Regions Hospital Emergency Medical Services
Year 2000 EMS Guidelines
Patients have the right to refuse treatment and/or transport if they are of legal age
and are competent. Competence is defined as the capacity or ability to understand the
nature and effects of ones acts or decisions. A person is considered to be competent
until proven otherwise. There are situations, however, in which the interests of the
general public outweigh an individuals right to liberty:
- The individual is threatening self-harm or suicide.
- The individual presents a threat to the community because of a contagious disease or
other physical dangerousness.
- The individual presents a specific threat to innocent third parties.
Certain medical, traumatic and psychological conditions can cause incompetence and
behavior that interferes with the ability of EMS personnel to care for the patient, or
that threatens the physical well being and safety of the patient or others. These
conditions include, but are not limited to: drugs, metabolic disturbances, central nervous
system injury or insult, infections, hypo/hypertension, hypo/hyperthermia, hypoxia,
psychological disorders, poisons and toxins. Minnesota law (609.06) authorizes the use of
"reasonable force upon or toward the person of another without the others
consent when the following circumstances exist or the actor reasonably believes them to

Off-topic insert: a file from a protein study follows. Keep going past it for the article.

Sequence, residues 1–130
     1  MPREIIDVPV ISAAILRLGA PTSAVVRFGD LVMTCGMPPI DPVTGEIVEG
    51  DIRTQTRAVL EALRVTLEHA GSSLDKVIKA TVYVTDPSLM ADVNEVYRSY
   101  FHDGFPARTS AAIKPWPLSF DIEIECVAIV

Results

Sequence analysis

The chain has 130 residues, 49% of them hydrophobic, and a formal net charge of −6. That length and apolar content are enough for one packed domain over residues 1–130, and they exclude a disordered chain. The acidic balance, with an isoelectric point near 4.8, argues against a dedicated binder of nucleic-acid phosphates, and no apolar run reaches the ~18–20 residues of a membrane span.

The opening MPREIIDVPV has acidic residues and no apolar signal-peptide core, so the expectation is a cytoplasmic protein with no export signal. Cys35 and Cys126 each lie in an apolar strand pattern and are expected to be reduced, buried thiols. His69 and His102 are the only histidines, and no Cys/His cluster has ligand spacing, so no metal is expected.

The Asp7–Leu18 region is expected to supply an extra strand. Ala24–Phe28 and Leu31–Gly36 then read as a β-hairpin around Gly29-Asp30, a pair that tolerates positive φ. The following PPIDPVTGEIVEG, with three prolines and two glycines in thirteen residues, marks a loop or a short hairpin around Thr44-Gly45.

exist: when used to restrain a mentally ill or mentally defective person from self injury
or injury to another or when used by one with authority to do so to compel compliance with
reasonable requirements for the persons control, conduct or treatment." If an
EMS provider feels uncomfortable with any patient, even when they have not been actively
combative, the provider has the right and duty to provide the patient and others with the
security of patient restraint. Verbal threats are a legitimate reason for restraint. The
following is a guideline for the use of restraints in the prehospital care setting. It is
not intended to dictate police action that may be necessary to subdue someone.
- Behavior or threats that create or imply a danger to the patient or others
- Safe and controlled access for medical procedures
- Change in behavior that results from improvement or deterioration of patient condition,
i.e. hypoglycemia, overdose, intubation
- Involuntary evaluation or treatment of incompetent combative patients
- Be aware of items at the scene or medical equipment that may become a weapon.
- Assure that the scene is safe before approaching the patient.
- Patients that are actively seizing should never be restrained.
- The patient should be restrained in the prone position only as a last resort and only
with continuous monitoring. This position may interfere with the patients ability to
- Restraining a patients hands and feet together behind the patient (hog-tying) is
not allowed. The only exception is a prisoner or suspect in the custody of law enforcement
or prison authorities.
GENERAL RESTRAINT PROCEDURES: